The Direct Method and Foreign Language Instruction
The Direct Method is not new. It has been appreciated and used by language teachers for many years. This approach came up with the idea that learning a foreign language means to communicate; that is why it has become popular. The Direct Method has one basic rule: no translation is allowed in a language classroom. The Direct Method derives its name from the fact that meaning has to be connected directly with the target language. Therefore, students should learn the language without going through the process of translation, because they have to think in the target language.
The teacher and students according to this approach should be part of the learning process; they are partners. The teacher believes that the students should make associations between the meaning and the target language directly. That is why, when a teacher introduces a new word, he/she demonstrates the meaning through pictures, realia, mimics, videos, power point presentations… etc. Students, without having resort to translation, learn the target language and use it in communicative situations.
The syllabus used in the Direct Method is based upon themes. For instance, one unit consists of the langue used at the bank, another of the language used in a restaurant, school, hospital…etc. Language functions are very important in order to help students use the langue and communicate in different sittings. When it comes to grammar, it is taught inductively. Students are presented with dialogues, reading or listening passages in order to study the langue and the structure presented. Then they have to come up with the rule. What is interesting about this method is that students are always encouraged to interact with the teacher. So, it goes both ways, from teacher to students and from students to teacher. The teacher also makes students learn about the culture of the target langue through integrating some historical aspects, such as: the history of the country, its weather and geography as well as the customs, traditions and lifestyle of the people they speak the language.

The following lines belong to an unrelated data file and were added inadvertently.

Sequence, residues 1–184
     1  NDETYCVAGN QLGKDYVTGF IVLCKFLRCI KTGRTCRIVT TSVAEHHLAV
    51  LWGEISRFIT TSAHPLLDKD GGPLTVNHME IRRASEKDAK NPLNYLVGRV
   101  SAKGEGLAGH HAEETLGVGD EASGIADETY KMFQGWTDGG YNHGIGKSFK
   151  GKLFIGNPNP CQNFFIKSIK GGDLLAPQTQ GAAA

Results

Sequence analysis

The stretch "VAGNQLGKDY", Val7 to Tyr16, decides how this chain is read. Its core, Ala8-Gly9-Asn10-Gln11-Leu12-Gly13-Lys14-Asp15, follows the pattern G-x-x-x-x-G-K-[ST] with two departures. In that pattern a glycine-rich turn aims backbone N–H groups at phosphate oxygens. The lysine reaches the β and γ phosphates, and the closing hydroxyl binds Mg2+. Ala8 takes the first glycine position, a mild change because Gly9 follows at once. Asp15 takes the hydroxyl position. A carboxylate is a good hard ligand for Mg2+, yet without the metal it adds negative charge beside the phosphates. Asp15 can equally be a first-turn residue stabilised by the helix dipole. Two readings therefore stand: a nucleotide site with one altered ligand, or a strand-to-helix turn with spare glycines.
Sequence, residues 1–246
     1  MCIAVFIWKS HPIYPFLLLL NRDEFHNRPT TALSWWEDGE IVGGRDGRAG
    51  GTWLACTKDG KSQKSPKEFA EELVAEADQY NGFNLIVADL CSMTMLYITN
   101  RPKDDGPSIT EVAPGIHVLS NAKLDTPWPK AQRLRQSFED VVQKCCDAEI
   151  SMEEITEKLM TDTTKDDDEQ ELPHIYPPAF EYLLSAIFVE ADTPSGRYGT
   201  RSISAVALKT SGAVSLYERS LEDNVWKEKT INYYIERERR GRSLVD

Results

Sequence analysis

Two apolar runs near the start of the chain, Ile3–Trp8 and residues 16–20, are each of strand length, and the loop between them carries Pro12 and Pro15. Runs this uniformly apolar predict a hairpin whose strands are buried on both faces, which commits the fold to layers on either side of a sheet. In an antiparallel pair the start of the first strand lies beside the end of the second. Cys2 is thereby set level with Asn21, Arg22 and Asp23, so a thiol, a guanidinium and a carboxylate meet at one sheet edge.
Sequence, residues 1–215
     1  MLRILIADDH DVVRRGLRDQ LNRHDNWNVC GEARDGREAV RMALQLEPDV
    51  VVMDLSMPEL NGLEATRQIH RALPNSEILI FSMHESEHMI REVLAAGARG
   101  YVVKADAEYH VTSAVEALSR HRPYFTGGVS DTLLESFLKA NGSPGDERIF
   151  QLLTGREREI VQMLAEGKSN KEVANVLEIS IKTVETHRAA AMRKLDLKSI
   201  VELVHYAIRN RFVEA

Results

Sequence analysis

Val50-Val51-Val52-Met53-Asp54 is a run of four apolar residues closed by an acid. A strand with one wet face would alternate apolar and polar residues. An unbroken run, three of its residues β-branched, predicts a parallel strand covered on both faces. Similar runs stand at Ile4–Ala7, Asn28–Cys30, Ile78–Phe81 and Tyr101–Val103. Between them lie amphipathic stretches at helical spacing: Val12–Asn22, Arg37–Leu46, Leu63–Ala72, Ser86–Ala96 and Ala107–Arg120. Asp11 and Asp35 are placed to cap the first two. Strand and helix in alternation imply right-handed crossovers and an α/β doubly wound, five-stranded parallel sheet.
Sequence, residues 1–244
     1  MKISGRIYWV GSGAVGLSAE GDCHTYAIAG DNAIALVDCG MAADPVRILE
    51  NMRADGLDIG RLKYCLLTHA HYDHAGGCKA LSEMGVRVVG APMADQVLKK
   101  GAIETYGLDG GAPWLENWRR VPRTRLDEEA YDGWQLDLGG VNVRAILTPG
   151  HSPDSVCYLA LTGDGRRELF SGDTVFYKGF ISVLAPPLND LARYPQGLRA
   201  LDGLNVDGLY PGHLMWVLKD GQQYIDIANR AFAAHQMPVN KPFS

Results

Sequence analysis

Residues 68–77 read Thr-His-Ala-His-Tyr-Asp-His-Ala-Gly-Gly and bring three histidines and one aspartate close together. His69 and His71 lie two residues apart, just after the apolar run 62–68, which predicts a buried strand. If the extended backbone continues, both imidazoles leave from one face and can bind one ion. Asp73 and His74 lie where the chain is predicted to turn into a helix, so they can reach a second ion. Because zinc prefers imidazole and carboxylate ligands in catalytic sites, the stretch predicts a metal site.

Though, this method works on the four skills (reading, listening, speaking and writing), the oral form of the language is emphasized over the written one. That is why pronunciation and fluency receive much attention from the very beginning.
Finally, students can be tested through activities that evaluate how they use the language and not their knowledge about the language, such as role-plays, interviews and writing paragraphs about something they learned. Thus, they are assessed to use the language both in its oral and written forms.